Rich Kulawiec wrote:
In other words: we do not need any new mechanisms. We do not need
reputation services, or vouching services, or any of the other interesting
ideas that have been put forth. We need to use the mechanisms we already
have, and have had for some time.
I agree that mechanisms cannot do any good if they are not used.
However, to forbid any new mechanism until existing ones won't have
taken root may be exceedingly harsh.
The days when we could expect network
and system administrators to care about the abuse emanating from their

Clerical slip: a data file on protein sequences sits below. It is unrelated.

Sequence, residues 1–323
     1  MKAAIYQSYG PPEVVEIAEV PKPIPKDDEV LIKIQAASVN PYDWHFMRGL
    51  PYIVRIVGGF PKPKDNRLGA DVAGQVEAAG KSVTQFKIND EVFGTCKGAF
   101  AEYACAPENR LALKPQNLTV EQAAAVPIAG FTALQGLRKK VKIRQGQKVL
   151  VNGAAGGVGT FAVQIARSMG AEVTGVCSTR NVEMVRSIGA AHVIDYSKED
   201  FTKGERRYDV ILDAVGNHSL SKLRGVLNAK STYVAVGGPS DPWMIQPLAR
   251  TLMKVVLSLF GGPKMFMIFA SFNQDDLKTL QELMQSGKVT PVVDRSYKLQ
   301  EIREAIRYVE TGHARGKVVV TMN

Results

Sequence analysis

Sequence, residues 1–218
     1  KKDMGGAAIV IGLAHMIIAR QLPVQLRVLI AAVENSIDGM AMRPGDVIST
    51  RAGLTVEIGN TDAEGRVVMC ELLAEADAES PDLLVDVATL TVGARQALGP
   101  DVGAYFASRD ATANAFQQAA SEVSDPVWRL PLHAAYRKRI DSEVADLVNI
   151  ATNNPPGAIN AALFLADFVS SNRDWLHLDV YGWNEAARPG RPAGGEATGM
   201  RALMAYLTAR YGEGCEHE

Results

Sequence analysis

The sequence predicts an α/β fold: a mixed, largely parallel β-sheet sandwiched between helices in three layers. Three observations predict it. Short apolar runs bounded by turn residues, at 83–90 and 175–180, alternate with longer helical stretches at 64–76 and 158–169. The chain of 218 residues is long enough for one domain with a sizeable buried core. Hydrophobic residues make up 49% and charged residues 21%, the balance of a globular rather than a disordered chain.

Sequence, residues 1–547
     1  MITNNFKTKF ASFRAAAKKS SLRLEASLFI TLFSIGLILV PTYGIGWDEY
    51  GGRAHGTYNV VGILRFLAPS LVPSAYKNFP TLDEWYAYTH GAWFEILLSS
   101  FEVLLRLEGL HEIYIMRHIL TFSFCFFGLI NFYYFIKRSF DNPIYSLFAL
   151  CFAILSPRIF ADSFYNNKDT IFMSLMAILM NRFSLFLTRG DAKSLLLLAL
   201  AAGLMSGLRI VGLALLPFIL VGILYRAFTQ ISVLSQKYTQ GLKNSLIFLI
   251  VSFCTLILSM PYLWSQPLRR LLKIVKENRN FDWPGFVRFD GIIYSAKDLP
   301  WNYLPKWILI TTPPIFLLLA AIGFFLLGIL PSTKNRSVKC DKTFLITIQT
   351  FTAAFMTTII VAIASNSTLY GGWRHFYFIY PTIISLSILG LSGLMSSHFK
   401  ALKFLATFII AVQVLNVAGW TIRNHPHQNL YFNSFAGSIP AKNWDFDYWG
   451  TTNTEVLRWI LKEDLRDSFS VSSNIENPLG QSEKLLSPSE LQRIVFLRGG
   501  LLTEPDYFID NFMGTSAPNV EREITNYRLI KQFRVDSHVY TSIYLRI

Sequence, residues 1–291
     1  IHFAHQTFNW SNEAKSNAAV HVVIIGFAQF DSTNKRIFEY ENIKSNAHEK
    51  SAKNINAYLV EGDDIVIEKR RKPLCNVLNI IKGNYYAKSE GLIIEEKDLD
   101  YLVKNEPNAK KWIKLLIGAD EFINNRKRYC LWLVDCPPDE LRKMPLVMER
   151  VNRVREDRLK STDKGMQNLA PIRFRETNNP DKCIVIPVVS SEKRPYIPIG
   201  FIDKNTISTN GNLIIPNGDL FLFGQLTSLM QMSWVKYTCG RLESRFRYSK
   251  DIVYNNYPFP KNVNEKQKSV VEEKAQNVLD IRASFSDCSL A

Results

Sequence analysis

operations because it was clearly their highest responsibility and ethical
obligation have been gone for a long time. (Some still do, of course --
and good for them.) The priority now is profit, profit, profit, and
thus it is necessary to speak to them in a language they understand.
If we were able to highlight differences so as to improve competition,
that would be understandable in those terms. But that requires a user
base that is sensible to those arguments. IMHO, it is not much the gap
between profit and ethics --different scale of planning horizon-- as
the average user's ability to appreciate the quality of mail services,
that has degraded them.
Perhaps, we should think of ways to make mechanisms visible to end users?
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